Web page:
Infants were presented with video clips and photographs showing adult models performing head or hand actions (adapted from Gergely et al., 2002; Zmyj et al., 2009). Two different types of videos were used: To establish context and motivation at the beginning of the experiment, infants watched two pre-demonstration videos showing a female or male adult sitting at an empty table demonstrating that the hands were free or restrained by turning them. Each participant watched both videos in randomized order regarding sex of the model and situational constraints.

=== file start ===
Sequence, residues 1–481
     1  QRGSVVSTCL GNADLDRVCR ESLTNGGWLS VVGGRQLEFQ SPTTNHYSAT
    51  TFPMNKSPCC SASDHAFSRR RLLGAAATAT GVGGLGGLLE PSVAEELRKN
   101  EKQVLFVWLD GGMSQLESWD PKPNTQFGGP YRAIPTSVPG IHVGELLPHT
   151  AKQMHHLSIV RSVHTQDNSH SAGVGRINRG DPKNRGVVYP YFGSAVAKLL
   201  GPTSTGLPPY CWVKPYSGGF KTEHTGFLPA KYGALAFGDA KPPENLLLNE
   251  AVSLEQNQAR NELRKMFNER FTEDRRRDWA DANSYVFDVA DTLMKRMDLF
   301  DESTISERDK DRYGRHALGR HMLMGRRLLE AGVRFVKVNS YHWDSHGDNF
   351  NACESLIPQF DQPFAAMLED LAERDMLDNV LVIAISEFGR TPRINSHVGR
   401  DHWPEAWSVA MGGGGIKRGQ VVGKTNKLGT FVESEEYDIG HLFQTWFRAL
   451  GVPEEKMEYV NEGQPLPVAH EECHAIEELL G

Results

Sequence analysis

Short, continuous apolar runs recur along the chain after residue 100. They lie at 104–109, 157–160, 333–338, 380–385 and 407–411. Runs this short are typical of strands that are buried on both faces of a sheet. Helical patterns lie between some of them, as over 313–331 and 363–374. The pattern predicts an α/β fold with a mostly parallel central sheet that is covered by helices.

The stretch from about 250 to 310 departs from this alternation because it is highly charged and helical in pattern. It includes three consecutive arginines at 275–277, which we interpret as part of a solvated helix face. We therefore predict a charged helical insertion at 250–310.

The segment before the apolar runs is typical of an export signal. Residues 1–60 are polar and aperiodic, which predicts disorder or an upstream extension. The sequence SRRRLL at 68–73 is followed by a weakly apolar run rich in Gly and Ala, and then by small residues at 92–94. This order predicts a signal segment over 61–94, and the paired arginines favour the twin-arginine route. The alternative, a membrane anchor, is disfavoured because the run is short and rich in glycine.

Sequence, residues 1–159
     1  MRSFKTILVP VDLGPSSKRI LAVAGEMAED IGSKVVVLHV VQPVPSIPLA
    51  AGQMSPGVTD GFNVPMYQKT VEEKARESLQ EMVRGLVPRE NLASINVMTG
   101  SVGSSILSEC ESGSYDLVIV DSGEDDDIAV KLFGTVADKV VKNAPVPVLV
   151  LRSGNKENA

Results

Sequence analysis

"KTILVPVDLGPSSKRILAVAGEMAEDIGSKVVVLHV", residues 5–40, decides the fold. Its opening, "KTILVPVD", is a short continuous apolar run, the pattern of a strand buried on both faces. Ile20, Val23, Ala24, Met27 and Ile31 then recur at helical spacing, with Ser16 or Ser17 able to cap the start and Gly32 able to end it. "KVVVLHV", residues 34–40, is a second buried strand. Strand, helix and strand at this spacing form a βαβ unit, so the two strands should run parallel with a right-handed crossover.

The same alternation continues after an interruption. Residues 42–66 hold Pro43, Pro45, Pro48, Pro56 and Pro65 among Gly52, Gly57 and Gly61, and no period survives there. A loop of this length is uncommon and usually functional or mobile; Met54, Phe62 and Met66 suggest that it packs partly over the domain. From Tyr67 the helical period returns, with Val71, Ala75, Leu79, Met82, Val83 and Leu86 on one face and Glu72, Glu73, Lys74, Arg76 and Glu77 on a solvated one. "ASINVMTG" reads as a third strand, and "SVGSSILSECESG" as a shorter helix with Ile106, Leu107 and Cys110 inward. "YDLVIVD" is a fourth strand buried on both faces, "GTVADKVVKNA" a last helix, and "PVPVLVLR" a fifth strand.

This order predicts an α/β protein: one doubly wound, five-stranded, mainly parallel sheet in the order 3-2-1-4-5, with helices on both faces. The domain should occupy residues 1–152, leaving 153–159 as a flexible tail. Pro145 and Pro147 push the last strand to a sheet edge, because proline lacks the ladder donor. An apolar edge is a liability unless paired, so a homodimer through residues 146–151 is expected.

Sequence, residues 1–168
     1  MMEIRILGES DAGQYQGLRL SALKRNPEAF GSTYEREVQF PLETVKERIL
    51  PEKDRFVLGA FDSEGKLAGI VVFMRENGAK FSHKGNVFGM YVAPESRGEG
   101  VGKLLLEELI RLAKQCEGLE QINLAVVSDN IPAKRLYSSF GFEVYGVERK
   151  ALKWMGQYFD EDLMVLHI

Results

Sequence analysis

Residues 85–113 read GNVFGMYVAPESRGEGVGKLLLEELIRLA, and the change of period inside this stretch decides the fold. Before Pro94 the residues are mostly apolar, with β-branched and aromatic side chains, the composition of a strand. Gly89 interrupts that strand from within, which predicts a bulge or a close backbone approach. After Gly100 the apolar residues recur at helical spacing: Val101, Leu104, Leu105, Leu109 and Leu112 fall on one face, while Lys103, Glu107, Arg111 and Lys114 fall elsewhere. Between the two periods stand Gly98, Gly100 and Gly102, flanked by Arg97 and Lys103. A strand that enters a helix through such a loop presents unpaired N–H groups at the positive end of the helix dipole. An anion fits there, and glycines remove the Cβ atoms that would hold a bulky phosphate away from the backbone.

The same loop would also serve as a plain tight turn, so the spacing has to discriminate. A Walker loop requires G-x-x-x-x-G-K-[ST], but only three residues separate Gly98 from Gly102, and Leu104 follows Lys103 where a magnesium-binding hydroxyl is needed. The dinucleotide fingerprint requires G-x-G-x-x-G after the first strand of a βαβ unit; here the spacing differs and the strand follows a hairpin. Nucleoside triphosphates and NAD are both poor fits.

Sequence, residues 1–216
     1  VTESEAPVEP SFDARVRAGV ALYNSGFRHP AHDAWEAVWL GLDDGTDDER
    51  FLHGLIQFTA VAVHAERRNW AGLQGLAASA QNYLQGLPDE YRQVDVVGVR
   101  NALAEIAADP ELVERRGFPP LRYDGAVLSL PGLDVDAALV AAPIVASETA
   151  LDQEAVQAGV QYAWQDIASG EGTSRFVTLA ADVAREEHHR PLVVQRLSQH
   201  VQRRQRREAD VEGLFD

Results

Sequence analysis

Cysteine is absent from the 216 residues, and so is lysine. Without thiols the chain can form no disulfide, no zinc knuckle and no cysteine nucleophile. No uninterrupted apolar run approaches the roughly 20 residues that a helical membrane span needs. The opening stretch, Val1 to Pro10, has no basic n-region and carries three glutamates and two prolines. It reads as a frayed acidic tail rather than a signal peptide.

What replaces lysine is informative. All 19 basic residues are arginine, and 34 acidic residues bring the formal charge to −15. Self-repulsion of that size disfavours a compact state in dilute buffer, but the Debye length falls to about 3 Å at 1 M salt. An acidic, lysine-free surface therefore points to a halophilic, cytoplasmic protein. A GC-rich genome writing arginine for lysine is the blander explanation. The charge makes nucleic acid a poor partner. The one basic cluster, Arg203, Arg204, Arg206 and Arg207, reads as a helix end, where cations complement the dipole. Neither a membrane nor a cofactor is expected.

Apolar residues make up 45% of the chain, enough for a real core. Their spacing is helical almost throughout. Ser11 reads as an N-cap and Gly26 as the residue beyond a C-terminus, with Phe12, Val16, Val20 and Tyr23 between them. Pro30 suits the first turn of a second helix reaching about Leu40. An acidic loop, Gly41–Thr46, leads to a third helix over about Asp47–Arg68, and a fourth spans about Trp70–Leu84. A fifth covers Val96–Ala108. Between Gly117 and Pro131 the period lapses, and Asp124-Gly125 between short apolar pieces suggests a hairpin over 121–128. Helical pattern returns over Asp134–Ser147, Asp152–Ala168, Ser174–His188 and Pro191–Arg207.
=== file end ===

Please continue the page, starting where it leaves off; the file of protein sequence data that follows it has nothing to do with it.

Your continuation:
Following the pre-demonstration videos, each trial of the demonstration-phase videos illustrated the action context depicting one of four models (two males, two females) sitting at a table with a touch light in front of them. Subsequent test frames depicted action outcomes. In the hands-restrained condition (adapted from Zmyj et al., 2009), the model’s hands were tied to the table with duct tape and could not be moved freely. In the hands-free condition, a line of duct tape was visible on the table but the model’s hands were free. In both conditions, subsequent test frames showed a model turning on a lamp using either their hand or their head (see Figure 1). The model did not establish eye contact with the observer during the whole experiment. In half of the trials, a round lamp (12 cm diameter) mounted on a black box (27 cm × 20 cm × 6 cm) was illuminated while the model was touching it (cf Meltzoff, 1988). To increase infants’ attention toward the presentation, in the other half of trials a toy-squeezing sound was generated while the model was touching a blue and green soundbox (13 cm × 13 cm × 11.5 cm) (in accordance with Buttelmann et al., 2007). The sound was presented with a maximum intensity of 75 dB.